Rosalina Pisco Costa is Assistant Professor of Sociology and researcher at CICS.NOVA.UÉvora, University of Évora, Portugal
María Suárez Gómez is a Post-doctoral Researcher at CICS.NOVA.UÉvora, University of Évora, Portugal
There is something seemingly awkward when we intend to study family food and related practices in the daily life of young adults. At a first glance, it seems that we are trying to mix two completely different and opposing worlds. On the one hand, family food remembers something from the past, embedded in tradition and made of manual and time-consuming tasks. Contemporary youth, on the contrary, is associated immediately with the future and technology. This is especially true with Generation Y, the millennials or IGen, a range of different expressions broadly used to designate the individuals born between the 1980s and the beginning of the 21st century. This entry briefly explores senses of family food among millennials in Portugal and is based on the preliminary findings from a small-scale, qualitative study. The ultimate goal of our post is to stimulate a lively and creative reflection among the RC06 ISA members across the world on the relations between family and cooking practices.
Millennials are all about the future
Despite the limitations associated with the frontiers distinguishing different generations, the scientific literature, and sociology in particular, has been mapping important differences between the millennials and previous generations. Moreover, thanks to globalization, the characteristics of this generation seem to be more similar between countries and across regions of the world than those of any other generation. Throughout their growth, the millennials were marked by events with importance and repercussion experienced on a global scale such as September 11 attack on the World Trade Center, the war in Iraq and Afghanistan, the Asian Tsunami or the economic-financial crisis of 2007-2008.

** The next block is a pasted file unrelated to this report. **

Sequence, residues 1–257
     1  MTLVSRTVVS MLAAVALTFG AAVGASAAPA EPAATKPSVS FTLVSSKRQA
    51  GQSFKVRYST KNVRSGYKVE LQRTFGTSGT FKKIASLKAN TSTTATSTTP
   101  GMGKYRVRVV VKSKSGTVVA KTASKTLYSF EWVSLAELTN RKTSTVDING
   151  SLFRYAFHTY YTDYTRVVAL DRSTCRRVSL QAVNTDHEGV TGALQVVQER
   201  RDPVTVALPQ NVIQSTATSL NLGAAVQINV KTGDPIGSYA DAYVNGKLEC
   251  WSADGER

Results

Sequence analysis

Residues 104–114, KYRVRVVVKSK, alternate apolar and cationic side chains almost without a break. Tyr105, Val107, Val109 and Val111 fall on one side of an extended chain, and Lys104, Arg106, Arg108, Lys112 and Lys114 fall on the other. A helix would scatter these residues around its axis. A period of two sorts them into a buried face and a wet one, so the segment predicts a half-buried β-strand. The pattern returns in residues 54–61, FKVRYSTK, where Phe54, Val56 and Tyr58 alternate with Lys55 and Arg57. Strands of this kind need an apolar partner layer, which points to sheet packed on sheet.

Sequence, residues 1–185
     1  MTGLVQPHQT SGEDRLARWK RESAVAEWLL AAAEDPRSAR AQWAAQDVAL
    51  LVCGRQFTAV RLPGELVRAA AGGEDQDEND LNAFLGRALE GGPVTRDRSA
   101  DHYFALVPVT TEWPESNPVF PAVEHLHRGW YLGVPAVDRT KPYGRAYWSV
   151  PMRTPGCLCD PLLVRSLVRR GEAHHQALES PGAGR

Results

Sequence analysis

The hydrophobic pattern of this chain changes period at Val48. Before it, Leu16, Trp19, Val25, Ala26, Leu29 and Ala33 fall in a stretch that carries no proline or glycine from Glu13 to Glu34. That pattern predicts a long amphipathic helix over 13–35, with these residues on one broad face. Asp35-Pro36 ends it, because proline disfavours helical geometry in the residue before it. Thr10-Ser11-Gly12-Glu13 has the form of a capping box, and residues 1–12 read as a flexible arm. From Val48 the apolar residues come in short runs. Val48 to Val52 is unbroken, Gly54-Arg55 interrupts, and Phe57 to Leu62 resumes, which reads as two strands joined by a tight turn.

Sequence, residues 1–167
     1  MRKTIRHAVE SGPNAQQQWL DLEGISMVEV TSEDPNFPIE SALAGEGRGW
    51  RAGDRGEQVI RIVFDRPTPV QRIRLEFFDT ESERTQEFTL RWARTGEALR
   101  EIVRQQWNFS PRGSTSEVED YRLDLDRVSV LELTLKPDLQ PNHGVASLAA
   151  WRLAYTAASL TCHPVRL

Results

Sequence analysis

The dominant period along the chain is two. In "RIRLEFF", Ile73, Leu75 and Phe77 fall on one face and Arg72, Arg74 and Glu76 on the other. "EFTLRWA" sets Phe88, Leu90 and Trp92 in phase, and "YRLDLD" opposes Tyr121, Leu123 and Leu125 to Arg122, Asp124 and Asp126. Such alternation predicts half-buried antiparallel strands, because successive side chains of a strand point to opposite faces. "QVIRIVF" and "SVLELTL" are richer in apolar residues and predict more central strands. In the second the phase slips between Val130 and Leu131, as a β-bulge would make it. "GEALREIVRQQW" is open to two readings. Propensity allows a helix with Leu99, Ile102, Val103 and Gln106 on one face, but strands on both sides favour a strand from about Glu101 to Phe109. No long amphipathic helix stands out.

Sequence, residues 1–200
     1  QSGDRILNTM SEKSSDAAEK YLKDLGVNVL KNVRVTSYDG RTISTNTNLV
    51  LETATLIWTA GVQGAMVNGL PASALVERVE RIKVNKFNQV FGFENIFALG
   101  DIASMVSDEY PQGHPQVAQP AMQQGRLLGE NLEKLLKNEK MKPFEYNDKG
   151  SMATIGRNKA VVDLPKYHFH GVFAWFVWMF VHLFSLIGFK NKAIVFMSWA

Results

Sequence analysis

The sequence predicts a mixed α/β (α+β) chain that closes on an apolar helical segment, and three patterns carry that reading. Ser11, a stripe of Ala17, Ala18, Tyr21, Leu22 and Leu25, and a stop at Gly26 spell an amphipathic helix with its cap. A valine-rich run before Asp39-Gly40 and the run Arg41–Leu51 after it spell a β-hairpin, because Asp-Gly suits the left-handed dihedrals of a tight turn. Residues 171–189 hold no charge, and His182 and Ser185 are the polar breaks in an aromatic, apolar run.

Globally, millennials are characterized as having grown up in a culture that values children and childhood as a key stage of life, away from work and household chores. Being a child, they were the center of attention at home and school, with parents and educators doing everything in their power for their happiness and success. As the relation with the digital world is a key characteristic of this generation, socialization agents multiplied beyond family and school. Technology is inseparable from their lifestyles. The millennials are also called digital natives as they grew up with computers, the Internet and mobile phones, always facing their constant and continued technological advances. Having grown up with Google, YouTube, Wikipedia, they connect their lives with the surrounding world through social media, like Facebook and Twitter, among others. Sending and receiving information instantly and especially ‘sharing’ are only some of the multiple faces of the ubiquity of computers and other digital devices and media in the academic, work and personal life.